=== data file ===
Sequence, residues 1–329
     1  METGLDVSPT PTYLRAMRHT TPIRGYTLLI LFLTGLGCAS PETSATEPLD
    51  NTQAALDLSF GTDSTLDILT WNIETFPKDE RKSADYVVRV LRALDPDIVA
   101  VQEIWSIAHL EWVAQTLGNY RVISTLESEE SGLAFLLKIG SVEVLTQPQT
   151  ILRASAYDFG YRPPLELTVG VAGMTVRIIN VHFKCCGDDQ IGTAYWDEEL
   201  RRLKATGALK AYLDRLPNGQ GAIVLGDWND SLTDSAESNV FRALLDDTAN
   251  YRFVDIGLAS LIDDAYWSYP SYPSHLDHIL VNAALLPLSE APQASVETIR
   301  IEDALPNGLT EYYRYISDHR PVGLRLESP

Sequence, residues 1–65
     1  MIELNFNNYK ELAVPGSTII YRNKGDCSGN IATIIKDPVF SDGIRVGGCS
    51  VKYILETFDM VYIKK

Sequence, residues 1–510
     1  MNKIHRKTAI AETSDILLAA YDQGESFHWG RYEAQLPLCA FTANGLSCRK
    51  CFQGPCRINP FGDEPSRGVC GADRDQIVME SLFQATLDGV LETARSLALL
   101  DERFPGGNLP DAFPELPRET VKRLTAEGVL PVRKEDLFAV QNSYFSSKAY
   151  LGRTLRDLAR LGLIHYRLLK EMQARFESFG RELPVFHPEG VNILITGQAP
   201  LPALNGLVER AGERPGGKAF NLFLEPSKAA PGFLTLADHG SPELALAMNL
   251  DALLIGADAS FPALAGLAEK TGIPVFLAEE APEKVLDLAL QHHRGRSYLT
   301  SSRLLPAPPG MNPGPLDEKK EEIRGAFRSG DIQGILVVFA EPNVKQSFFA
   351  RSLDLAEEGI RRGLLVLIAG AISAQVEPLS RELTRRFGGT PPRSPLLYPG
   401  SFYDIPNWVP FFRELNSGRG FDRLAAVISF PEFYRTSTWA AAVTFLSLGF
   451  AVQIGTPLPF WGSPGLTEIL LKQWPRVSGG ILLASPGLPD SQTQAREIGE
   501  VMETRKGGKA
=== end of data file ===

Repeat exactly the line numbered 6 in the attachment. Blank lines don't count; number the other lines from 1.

   201  RRLKATGALK AYLDRLPNGQ GAIVLGDWND SLTDSAESNV FRALLDDTAN